Gap Inc.’s new management might find the task of turning around its namesake brand more formidable than it expected.
This story first appeared in the April 23, 2015 issue of WWD. Subscribe Today.
Art Peck, who succeeded Glenn Murphy as chief executive officer of the company in February, and Jeff Kirwan, who took the reins of the Gap brand from Stephen Sunnucks in December, will have a “daunting” challenge on their hands in steering the Gap brand back to growth after what has essentially been a lost decade, according to a research note from Wells Fargo Securities analyst Paul Lejuez.
“While those that look back only a few years might conclude this is a brand that lost its way in 2014 after a strong 2012-13, a look back over 10 years shows this is a brand that has been losing market share and mindshare over a much longer period. Against that backdrop, it may not seem as easy to fix,” Lejuez wrote.
Gap’s square footage in North America shrank 20 percent and its store count fell 30 percent between 2005 and 2014, and that contributed to a drop in sales to $4 billion from $5.4 billion. But it wasn’t a reduction in store count that sent sales down — comparable sales at Gap fell in all but two years, 2012 and 2013, and even the stronger stores remaining “struggled to comp positive, and typically did not,” the report said.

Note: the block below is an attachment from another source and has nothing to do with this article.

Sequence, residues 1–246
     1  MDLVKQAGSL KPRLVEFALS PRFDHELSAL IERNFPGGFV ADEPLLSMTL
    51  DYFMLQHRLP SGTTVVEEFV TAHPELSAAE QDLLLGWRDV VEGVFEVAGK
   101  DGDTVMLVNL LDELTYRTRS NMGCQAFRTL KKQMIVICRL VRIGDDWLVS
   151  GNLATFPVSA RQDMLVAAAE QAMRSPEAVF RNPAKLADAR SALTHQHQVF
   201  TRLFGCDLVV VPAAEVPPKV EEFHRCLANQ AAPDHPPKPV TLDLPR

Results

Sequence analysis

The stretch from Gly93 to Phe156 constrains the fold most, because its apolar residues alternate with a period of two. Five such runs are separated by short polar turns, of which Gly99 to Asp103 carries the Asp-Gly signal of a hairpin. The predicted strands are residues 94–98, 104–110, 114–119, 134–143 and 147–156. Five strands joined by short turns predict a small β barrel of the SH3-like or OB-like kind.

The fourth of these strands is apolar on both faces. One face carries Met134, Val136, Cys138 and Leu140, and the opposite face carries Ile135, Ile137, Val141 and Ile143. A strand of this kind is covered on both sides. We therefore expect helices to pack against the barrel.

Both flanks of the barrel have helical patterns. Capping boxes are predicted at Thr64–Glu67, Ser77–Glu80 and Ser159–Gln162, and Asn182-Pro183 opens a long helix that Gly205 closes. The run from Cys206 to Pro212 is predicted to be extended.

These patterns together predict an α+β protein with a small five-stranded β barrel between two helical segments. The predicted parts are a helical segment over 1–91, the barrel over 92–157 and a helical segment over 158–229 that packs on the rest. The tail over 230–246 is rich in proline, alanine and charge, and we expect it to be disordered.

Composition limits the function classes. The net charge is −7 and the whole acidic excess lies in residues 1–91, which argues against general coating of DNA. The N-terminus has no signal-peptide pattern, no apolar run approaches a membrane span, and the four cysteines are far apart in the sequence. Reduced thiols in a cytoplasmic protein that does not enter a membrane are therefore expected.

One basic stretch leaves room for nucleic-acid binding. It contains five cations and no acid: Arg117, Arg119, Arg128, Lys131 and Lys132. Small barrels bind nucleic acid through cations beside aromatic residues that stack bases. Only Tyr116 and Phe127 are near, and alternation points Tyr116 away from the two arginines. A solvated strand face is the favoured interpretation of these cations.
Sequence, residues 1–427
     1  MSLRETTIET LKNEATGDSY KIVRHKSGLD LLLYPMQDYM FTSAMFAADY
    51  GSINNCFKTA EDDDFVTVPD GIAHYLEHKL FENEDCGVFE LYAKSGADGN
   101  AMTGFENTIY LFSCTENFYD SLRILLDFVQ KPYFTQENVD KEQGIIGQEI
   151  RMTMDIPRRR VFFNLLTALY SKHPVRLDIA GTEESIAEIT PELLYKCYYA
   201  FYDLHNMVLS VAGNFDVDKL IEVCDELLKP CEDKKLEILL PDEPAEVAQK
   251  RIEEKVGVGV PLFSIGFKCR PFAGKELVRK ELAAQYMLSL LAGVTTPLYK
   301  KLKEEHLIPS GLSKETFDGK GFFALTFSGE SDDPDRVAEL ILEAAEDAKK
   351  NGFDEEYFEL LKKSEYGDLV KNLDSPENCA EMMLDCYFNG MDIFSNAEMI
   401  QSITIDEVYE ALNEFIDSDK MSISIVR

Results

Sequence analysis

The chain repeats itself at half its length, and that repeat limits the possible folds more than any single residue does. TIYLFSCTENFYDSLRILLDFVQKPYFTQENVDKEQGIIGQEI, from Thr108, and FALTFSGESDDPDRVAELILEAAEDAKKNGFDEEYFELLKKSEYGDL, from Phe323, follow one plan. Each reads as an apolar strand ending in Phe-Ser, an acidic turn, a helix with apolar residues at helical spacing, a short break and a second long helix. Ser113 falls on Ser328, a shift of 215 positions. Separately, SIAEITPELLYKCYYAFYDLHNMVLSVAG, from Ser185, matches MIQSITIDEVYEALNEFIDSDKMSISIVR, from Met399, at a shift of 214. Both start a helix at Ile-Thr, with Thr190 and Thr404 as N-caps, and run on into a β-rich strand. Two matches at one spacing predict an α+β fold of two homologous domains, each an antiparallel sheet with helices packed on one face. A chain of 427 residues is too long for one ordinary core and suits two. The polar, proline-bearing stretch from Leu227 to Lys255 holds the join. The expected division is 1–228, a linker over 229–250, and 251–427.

Even in the two years when comps were up, it was average unit retail that produced the increases as traffic declined an estimated 50 percent during the decade, according to Wells Fargo estimates.
Sales productivity has also declined over the decade, dropping 20 percent in the 10 years since 2005 to about $325 a square foot. This, Lejuez noted, “calls into question the overall profitability of the fleet.…Even including [e-commerce], sales productivity is still below $400 a square foot and 7 percent below where it was in 2005.” Wells Fargo estimates that, based on its knowledge of sales productivity in the factory outlet channel, analysts believe that full-price Gap stores are generating “well below” $300 a square foot.
Gap doesn’t disclose the profitability of its brands.
With Old Navy performing well enough to offset the weakness at Gap, Wells Fargo has a “market perform” rating on Gap Inc.’s shares, which rose 0.2 percent to $40.70 in New York Stock Exchange trading Wednesday.
Lejuez credited the company with managing the business well through a “choppy retail environment,” but concluded, “New ceo Art Peck has a laser focus on fixing Gap brand, but they do not seem close to finding the right formula just yet.”